Pastor Linda Dolby
(NRSV) Now before faith came, we were imprisoned and guarded under the law until faith would be revealed. Therefore the law was our disciplinarian until Christ came, so that we might be justified by faith. But now that faith has come, we are nolonger subject to a disciplinarian, for in Christ Jesus you are all children of God through faith. As many of you as were baptized into Christ have clothed yourselves with Christ. There is no longer Jew or Greek, there is no longer slave or free, there is no longer male and female; for all of you are one in Christ Jesus. And if you belong to Christ, then you are Abraham's offspring, heirs according to the promise.
By Rev. Linda Dolby
The Son of man must indeed suffer, be rejected, and be killed. And you, and we all, must deny ourselves, take up the cross, and follow where Jesus is leading—straight into suffering, rejection, and execution. This is the way to life. And it is the way of life of those whom Jesus trains to be his disciples.
By Pastor Linda Dolby
Sanctuary – defined as a place of refuge and safety. We all entered this sanctuary – this place of refuge and safety this morning to sing praises to our God, to pray to our God, to hear the word of God. Last Sunday, people just like you and me entered the sanctuary of the First Baptist Church in Sutherland Springs Texas. Sanctuary – a place of refuge and safety - became to site of a terror attack. 26 people were killed with a Ruger AR-556 rifle.
The sanctuary became site of terror. Makes you a little afraid, doesn’t it. Yes, this morning you have overcome your fears and you are here – trusting in the sanctuary of this space. Scripture says perfect love casts out all fear. You see, we have a choice to make: shall we live a life of love or fear? We are here because we know God loves us and we hope to live a life in that love.
Responding to a question put to him by the preachers and theologians of his day: "Which command in the law is the greatest, Jesus said “You shall love the Lord your God with all your heart, and with all your soul, and with all your mind. This is the greatest and first commandment. And a second is like it: You shall love your neighbor as yourself."
This is known to us as the Golden Rule. Love God. Love your neighbor. But today I want to focus not so much on love - a much overused and abused word: we love our pets, we love ice cream, we love a beautiful day, we love our families. Today I want us to look at Jesus' other words in these verses: "with all your heart, and with all your soul, and with all your mind." Or, as Eugene Peterson puts it in his version of the Bible called The Message, "with all your passion, your prayer, your intelligence."
You have probably seen and read this overused words: "dance as though no one is watching you, love as though you have never been hurt before, sing as though no one can hear you, live as though heaven is on earth." Passion. That's what these words are talking about. Passion, which causes us to dance, to love, to sing, to live - as though heaven is on earth, which is true on these glorious autumn days. That's what Jesus is talking about in our gospel lesson for this day.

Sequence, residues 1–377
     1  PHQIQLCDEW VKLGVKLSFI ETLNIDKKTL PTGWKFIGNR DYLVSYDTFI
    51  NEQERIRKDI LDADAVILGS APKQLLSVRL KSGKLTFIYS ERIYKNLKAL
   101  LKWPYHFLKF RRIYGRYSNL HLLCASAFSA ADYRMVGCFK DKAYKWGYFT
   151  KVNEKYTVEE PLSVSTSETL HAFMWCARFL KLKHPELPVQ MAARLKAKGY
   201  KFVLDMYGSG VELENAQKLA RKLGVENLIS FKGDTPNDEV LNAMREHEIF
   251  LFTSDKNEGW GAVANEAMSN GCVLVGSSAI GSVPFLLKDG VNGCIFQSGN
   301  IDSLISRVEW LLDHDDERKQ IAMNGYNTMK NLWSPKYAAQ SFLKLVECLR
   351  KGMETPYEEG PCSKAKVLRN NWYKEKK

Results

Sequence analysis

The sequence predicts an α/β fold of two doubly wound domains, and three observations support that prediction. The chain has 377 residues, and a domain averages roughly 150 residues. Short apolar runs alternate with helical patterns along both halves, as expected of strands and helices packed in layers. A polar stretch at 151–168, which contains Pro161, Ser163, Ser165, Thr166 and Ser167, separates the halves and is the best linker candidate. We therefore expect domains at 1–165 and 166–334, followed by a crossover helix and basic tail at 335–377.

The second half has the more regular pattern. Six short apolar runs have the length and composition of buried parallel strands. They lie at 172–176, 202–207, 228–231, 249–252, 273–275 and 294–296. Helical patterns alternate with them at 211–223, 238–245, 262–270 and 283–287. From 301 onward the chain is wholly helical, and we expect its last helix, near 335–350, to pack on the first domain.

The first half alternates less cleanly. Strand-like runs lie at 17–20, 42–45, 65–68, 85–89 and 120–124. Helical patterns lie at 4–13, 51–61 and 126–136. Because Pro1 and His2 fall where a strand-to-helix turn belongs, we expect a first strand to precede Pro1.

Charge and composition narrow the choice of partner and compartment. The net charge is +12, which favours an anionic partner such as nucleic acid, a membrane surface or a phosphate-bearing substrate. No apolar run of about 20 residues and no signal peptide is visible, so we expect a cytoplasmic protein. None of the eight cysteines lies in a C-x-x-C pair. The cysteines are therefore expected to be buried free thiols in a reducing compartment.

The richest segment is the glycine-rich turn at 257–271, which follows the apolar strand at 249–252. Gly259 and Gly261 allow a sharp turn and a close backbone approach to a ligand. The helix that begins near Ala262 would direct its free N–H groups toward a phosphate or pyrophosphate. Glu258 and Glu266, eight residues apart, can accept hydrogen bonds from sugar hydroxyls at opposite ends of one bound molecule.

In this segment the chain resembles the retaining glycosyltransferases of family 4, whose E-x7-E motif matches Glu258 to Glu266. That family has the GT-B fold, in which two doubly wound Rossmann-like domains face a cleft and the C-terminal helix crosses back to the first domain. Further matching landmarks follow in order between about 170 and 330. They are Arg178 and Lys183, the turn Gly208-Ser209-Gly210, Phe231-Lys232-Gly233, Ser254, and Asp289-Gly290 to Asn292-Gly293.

If we were to poll people who don't go to church and ask: "What do you think of the church?" they might say a lot of different things. But one answer probably will be quite common - they will answer that it is boring. Christians are boring, church is boring, most sermons are boring, the music is boring.
How did this happen? When did Christianity, in the eyes of unbelievers, become boring? If you look at the ministry of Jesus, it was a lot of things, but no one would ever accuse him of being boring! Wherever He went He was ruffling feathers. There was an energy, there was a passion - He was living on the edge. There was a supernatural power that was there. There was passion there.
Jesus says this: "here is what the whole sum of my life is about: Take everything that you are about, all of your mind, all of your heart, all of your soul, and all of your strength, in other words, everything that you are, and pour it into loving God, living for God, being invested in God. Live passionately to the glory of God. Give God everything you've got. Don't hold back on anything." This is the opposite of doing religion, going through the motions, just sort of doing something because it just sort of suits you every once in a while. This is pouring your whole being into something - that's what Jesus was saying. That is what life is all about, pour your whole being into loving God, live fully, - for the glory of God.